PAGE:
Socialist Worker

Damning report exposes Tory care home lies

Issue No. 2741

Tory health secretary Matt Hancock—lied about throwing a protective ring around care homes

Tory health secretary Matt Hancock—lied about throwing a "protective ring" around care homes (Pic: Number 10/Flickr)


Tory claims to have thrown a “protective ring around” care homes are in tatters after a report by the Care Quality Commission.

Inspectors found serious failures in homes operated by hugely profitable chains during their site visits in January.

Nearly half were judged to be inadequate or in need of improvement—with mistakes at several leading to fatal outbreaks of Covid-19.

Some of the worst findings were discovered by reviewing CCTV footage from the homes. It showed protective PPE equipment being wrongly used on 63 occasions in a single home and infected residents mixing in communal areas with those free of Covid-19.

The report also detailed serious staff shortages and a case of a care home manager continuing to work even after showing coronavirus symptoms.

The result of these lapses was thousands of avoidable deaths.

In the week ending 22 January, 2,364 care home residents died with Covid-19 on their death certificate—the highest level since last May.

The firm Leicester County Care was among a number of chains that had multiple homes singled out for criticism. It made a post-tax profit of over £2.2 million last year.

But at its Curtis Weston House in Leicestershire inspectors found a series of failings. They included “no deep cleaning of bedrooms of Covid-19 positive people”, ineffective alcohol-free hand sanitiser in use and staff not always having ready access to PPE.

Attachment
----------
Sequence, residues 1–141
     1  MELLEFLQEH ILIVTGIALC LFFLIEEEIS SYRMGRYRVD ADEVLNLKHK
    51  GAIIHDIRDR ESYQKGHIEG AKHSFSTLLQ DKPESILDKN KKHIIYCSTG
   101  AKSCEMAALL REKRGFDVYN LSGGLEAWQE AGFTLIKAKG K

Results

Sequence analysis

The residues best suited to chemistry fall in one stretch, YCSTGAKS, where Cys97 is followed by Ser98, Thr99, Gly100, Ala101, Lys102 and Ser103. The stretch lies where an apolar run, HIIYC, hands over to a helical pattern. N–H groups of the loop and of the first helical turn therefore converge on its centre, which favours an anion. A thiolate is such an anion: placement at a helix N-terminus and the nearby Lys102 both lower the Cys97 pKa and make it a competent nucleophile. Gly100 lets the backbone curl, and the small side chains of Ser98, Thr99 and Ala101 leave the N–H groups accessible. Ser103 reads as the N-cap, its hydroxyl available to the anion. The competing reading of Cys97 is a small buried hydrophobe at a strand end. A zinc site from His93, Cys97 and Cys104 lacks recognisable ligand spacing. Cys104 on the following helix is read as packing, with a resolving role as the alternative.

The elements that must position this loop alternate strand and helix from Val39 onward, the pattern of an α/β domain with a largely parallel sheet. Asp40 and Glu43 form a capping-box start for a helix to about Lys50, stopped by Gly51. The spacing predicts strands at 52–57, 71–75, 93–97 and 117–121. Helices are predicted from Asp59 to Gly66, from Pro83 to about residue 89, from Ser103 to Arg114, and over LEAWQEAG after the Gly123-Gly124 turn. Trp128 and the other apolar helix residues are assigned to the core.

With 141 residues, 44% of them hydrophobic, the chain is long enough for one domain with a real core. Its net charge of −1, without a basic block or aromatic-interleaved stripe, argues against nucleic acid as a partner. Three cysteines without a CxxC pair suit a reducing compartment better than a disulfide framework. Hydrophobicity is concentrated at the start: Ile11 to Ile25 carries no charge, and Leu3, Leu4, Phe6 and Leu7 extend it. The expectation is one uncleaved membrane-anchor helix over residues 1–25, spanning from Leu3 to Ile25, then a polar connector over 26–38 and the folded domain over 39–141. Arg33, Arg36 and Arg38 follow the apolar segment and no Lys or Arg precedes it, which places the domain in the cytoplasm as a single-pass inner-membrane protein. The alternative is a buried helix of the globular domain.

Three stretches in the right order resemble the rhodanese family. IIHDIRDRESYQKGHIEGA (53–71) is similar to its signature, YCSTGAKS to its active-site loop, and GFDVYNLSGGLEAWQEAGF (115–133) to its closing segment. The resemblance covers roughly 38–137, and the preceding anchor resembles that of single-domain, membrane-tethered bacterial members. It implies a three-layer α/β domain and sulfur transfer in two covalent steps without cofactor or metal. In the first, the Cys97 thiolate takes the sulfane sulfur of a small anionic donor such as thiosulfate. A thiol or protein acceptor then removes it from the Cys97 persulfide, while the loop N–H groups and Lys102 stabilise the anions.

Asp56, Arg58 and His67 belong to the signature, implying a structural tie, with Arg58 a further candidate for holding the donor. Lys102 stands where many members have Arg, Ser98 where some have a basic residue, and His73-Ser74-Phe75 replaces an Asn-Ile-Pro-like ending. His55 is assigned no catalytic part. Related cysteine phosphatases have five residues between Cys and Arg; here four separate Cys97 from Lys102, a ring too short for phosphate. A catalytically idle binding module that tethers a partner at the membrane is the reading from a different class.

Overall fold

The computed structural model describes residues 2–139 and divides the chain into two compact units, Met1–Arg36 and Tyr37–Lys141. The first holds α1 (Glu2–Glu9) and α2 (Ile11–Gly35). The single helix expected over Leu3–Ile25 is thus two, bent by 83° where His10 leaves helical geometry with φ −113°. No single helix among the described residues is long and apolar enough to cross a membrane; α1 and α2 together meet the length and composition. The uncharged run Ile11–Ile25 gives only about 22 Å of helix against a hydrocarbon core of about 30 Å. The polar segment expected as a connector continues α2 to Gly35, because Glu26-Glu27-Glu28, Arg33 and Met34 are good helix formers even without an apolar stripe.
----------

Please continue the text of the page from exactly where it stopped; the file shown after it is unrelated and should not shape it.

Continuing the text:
Pleaded 

Care homes ‘managed death’ in first wave of virus
Care homes ‘managed death’ in first wave of virus
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Care home bosses have long pleaded that they cannot afford to pay decent wages, despite being desperately short of workers.

They have demanded ever more money to make homes safe and to allow patients discharged from hospital with Covid-19 to return to their homes.

But the scandal of the most recent wave of infections shows that cash from councils and government has simply helped to line shareholders’ pockets.

It’s more proof, if it were ever needed, that private firms cannot be trusted with the lives of the most vulnerable people.

Successive governments, both Labour and Tory, have pledged to “deal with the crisis” in social care but have backed away from taking action.

The only way to make care homes safe is for them to be brought back into the public sector. And workers should be paid at decent rates and with the same terms and conditions as the NHS.

There needs to be a massive investment in new, safer and more engaging homes—and the rich should pay for it.


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